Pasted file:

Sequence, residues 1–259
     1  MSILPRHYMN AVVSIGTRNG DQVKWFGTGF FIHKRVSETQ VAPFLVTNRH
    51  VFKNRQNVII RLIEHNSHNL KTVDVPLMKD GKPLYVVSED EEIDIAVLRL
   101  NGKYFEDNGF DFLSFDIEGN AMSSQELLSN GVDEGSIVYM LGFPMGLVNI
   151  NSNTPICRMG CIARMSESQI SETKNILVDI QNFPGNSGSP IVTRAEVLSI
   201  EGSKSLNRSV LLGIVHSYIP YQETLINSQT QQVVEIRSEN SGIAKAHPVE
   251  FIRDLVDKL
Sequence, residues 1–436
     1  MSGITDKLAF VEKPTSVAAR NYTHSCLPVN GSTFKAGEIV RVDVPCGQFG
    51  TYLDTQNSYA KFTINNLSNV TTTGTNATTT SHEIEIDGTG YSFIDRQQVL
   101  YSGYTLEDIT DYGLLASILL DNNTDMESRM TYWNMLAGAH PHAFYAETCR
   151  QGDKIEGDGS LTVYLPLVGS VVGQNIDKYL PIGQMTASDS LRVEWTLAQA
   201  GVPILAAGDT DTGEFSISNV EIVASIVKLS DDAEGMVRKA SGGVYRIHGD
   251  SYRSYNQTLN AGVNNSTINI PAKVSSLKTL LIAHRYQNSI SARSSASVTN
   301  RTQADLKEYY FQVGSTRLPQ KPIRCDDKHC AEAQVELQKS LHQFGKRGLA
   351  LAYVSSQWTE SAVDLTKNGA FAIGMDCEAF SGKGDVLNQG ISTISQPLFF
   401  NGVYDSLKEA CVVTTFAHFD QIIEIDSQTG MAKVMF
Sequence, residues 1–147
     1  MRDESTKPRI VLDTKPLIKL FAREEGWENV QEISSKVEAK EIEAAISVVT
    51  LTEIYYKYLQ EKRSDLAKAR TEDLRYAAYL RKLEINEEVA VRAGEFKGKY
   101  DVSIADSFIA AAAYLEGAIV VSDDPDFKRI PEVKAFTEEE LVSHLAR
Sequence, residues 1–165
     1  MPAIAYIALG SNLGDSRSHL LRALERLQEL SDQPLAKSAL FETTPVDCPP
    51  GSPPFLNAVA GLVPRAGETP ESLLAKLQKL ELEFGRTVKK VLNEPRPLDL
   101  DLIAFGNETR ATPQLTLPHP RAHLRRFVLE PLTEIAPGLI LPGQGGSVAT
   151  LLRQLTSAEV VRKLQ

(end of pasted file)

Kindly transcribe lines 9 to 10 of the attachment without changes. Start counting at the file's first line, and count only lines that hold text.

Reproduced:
     1  MSGITDKLAF VEKPTSVAAR NYTHSCLPVN GSTFKAGEIV RVDVPCGQFG
    51  TYLDTQNSYA KFTINNLSNV TTTGTNATTT SHEIEIDGTG YSFIDRQQVL